Smt Madhulika went on to present a composition of Kannada litterateur D.V.Gundappa titled Hoovu (“ಹೂ” ) from his poetry collection of Ketakivana, set to a variety of ragas and talas. The music composition was done by Vid.Balasubramanya Sharma and inputs from Kum.Madanika Manjunath were also incorporated. This poem talked about the various aspects of creation with special emphasis on a Flower. While the creator of the universe brings many parts of nature to life, such as Mountains, Oceans, Forests, Clouds, Animals, Birds, Insects and even Human beings, he finds it to be incomplete; finally, when he sees a flower bloom, he rejoices! The artiste made a detailed attempt to give a picture of creation of Bhuloka, from the time Lord Narayana lying in the pralaya jala manifests the Hiranyagarbha which houses Lord Brahma, who along with many other gods such as Shiva, Indra, Varuna, Vayu and Chandra create the world under the direction of Lord Narayana. Creative liberty was taken to depict how the different gods created the various facets of nature. The creation of each aspect was associated with a particular deity and suitable use of Natyasastra angika and their adaptations were incorporated. When Lord Narayana finally examines the creation, he finds every incidental creation to be inadequate. An accidental blossoming of a flower brings immense joy to him as he realises how innocent and flawless a flower actually is. The Lord embracing the flower into his own being was beautifully portrayed! The composition concluded with providing a few metaphorical possibilities of why a Flower is so special.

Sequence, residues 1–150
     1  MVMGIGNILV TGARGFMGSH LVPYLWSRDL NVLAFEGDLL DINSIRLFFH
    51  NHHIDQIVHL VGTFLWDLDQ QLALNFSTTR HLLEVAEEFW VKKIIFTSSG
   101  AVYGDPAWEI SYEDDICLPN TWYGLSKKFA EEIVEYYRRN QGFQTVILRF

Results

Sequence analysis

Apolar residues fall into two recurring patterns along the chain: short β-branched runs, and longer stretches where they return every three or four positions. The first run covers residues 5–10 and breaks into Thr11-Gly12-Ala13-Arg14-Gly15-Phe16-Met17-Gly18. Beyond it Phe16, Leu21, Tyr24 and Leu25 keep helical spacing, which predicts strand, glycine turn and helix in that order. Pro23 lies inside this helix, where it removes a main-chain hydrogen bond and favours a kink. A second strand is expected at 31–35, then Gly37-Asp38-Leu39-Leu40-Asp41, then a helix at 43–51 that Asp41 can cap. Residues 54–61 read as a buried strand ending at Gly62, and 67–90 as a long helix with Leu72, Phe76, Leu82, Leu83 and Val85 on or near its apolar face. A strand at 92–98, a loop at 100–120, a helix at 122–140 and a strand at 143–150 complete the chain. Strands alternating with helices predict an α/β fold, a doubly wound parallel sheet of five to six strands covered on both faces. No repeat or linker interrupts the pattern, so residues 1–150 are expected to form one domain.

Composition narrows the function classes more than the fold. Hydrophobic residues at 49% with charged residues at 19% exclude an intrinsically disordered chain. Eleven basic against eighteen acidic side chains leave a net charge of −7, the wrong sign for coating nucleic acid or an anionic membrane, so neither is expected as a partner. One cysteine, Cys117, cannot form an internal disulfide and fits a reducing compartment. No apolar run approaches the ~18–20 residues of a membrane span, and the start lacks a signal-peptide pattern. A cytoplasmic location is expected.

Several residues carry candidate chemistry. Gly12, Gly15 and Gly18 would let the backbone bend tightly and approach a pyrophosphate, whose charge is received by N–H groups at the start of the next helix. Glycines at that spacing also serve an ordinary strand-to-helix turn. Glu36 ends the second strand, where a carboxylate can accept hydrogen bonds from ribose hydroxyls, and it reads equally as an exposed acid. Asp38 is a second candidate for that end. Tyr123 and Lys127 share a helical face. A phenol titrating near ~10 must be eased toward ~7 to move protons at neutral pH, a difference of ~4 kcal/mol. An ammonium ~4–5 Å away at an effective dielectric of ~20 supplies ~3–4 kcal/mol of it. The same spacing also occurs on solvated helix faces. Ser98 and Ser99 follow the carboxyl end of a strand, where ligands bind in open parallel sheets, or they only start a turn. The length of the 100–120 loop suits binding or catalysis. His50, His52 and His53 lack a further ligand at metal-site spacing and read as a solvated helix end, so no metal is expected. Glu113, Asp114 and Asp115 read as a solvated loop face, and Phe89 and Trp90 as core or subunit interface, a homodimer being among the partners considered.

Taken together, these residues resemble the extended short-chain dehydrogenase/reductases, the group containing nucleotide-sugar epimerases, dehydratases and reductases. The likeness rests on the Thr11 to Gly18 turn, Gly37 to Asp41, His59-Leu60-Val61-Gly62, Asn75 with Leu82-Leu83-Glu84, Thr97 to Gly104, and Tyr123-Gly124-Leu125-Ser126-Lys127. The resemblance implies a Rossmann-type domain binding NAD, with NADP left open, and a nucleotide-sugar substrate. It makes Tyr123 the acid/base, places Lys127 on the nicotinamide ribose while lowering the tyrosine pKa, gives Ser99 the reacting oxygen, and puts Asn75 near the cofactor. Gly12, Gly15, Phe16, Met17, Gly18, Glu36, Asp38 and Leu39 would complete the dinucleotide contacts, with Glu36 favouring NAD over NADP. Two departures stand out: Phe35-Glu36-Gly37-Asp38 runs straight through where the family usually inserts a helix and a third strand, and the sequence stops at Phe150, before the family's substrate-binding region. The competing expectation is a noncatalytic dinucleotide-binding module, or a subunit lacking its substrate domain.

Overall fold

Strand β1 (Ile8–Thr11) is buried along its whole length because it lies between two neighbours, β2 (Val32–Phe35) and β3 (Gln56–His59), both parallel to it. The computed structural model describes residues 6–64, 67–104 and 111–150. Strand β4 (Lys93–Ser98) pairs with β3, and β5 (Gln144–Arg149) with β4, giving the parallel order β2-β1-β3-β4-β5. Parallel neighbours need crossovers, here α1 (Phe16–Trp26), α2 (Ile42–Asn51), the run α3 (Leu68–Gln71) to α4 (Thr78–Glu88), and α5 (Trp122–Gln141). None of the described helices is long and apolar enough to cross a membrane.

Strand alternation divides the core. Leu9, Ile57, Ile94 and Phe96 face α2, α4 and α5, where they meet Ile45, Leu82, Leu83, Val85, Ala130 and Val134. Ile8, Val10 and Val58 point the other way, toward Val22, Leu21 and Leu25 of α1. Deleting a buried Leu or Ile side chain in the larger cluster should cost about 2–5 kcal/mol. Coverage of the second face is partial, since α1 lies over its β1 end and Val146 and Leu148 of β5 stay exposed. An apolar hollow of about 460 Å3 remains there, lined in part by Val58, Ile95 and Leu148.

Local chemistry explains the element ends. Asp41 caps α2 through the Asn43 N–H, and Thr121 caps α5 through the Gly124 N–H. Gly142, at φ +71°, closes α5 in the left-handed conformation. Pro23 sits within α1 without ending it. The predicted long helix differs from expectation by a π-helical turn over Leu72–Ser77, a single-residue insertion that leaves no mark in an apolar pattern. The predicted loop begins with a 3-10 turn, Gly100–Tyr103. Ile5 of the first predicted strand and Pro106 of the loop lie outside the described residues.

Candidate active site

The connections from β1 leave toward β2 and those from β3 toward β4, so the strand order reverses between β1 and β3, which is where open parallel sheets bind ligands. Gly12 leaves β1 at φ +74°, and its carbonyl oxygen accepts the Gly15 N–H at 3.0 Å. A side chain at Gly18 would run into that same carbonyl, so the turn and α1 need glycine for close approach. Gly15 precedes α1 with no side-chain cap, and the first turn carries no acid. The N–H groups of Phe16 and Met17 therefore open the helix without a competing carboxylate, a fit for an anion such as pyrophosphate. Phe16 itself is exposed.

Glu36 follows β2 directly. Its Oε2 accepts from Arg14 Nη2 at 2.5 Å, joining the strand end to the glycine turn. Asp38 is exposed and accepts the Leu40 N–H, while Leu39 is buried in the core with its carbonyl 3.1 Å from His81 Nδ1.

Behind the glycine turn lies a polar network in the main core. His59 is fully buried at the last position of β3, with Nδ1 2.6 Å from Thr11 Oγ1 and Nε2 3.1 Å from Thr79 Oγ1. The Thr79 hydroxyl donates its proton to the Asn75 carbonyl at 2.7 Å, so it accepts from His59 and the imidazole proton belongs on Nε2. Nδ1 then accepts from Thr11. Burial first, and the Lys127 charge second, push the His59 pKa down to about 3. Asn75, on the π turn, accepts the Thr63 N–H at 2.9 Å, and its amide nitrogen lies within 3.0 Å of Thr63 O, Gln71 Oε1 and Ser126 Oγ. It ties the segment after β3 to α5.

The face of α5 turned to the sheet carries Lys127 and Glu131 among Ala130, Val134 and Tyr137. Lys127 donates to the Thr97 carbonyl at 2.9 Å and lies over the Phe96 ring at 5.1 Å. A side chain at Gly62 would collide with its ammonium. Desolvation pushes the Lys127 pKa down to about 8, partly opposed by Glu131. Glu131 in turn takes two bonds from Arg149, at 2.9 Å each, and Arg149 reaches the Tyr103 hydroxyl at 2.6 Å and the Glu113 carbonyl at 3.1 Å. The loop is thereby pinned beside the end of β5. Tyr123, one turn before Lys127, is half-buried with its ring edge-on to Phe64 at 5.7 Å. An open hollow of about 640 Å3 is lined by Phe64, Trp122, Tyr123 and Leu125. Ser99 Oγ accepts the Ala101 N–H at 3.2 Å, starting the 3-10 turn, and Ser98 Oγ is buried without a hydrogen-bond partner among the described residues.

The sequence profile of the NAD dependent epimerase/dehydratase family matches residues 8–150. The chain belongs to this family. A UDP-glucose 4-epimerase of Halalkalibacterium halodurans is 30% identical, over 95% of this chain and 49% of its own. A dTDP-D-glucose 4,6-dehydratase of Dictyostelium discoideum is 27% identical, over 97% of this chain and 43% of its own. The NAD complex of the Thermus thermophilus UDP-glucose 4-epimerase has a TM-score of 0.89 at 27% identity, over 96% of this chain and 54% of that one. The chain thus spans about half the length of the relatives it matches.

Smt Anuradha then presented a Shringara Padam in raga Shahana and Khandachapu tala, a composition of Dr Manorama B.N. The Padam was based on Mugdha nayika who is none other than Sita, the heroine of the epic Ramayana. The composition beautifully explores the various Vyabhicari bhavas this young and innocent Sita experiences as she sees Rama, the son of King Dasharatha, for the very first time! The artiste began with an incident where Sita who is joyfully plucking Jasmine flowers in her balcony garden is unable to reach some of the flowers that were high up on the trees; she then remembers the Shiva Dhanush and uses it to bring down the flowers with remarkable easy and innocently tosses it aside! Watching this, an absolutely astound King Janaka then decides that only a man who can wield the mighty bow of Shiva will wed Sita! Sita, now along with her sakhis, makes a ball out of the flowers and the girls playfully enjoy their game; the music here was set with solkattus being recited and sung suitably. As the ball drops off the balcony, Sita begins to look for it and in this moment spots the handsome Rama! As the composition progressed the artiste described the beauty of Rama in very many ways while wondering if such a charm was possible by anyone other than Lord Narayana who must have come down to the earth as this handsome man. As Sita wonders if it is even possible for a man of such charm and delicacy to wield the weapons like the Kshatriya prince that he is, the artiste chose to describe the Vira of Rama as perceived in Sita’s imagination using the Lalita sanchara Mandala described in the Natyasastra. This Mandala included the following Caris – Suchi, Apakrantha, Parshvakrantha, Suchi and Bhramari, continuing with Parshvakrantha, Atikranta and finishing with Bhramari. Sita then wonders if she would be fortunate enough to wed this man and drifts off into imagining her wedding with him. We then find Rama coming across the fallen flower ball and as he looks around to return it, their eyes meet for the very first time! Lost in that elongated moment of blissful union of the innocent gazes, Sita gets perplexed with everything she is experiencing as Rama walks away. The sakhis console her that if she worships Goddess Gauri, her desire will definitely be fulfilled and she duly obeys… The apparent accidental meeting of Sita and Rama is woven around as a play of destiny through this lovely composition.